The Environmental Protection Agency, now regarded suspiciously by friends of various earths, has been moving to create a professional criminal enforcement staff to deal harshly with polluters, particularly the "midnight dumpers" of hazardous or toxic wastes.
The first investigator hired for the staff developed the case that resulted last week in a $2,500 fine and 90-day jail sentence for William Bushey, half-owner and vice president of the Corning Fibers Inc. paper company in Wells River, Vt. He pleaded guilty to conspiracy, willful contempt of court and violation of the Clean Water Act.
The story began in 1977 when EPA used its time-honored tactic of entering into a civil consent agreement with Corning Fibers under which the firm promised it would install certain pollution-control devices. In February, according to Peter Beeson, director of the new EPA Office of Criminal Enforcement, company employes told EPA's regional office in Boston that the company was discharging untreated pollutants directly into a nearby river. Once the investigator arrived, he also found that some equipment the company had promised in the consent decree to install had never been hooked up.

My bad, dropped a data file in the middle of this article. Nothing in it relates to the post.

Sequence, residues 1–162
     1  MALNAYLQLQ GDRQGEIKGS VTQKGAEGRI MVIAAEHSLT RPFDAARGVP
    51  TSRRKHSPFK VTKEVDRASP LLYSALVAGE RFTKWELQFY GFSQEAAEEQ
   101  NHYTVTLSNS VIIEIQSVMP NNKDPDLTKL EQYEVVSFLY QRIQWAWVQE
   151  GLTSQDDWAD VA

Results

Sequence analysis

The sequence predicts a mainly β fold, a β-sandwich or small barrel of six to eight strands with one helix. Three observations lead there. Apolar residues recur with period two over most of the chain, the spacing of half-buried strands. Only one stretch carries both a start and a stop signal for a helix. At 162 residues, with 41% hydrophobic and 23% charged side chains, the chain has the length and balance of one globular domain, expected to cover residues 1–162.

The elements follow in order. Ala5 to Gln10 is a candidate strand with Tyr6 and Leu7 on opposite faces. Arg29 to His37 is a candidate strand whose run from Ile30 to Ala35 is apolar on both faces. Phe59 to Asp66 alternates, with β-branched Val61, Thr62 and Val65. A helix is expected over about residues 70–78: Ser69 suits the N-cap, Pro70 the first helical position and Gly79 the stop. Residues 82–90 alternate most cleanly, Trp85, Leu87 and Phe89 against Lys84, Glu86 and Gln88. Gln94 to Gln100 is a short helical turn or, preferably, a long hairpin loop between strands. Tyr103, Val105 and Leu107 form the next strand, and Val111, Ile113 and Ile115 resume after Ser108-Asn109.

This is not the first time someone has gone to jail for an environmental violation, but it is rare, Beeson said. The Reagan administration job freeze slowed his efforts to hire investigators for the regional offices, he said, but that is now being accomplished. There will be 20 professional investigators nationwide.
William Sullivan, director of enforcement for EPA, said, "The only way we can get close to enforcing environmental laws is if people filing those reports look at them in the same way that they do their income tax." He said investigators will concentrate on false reporting in the clear hope that publicity will encourage other potential violators to abide by their consent decrees.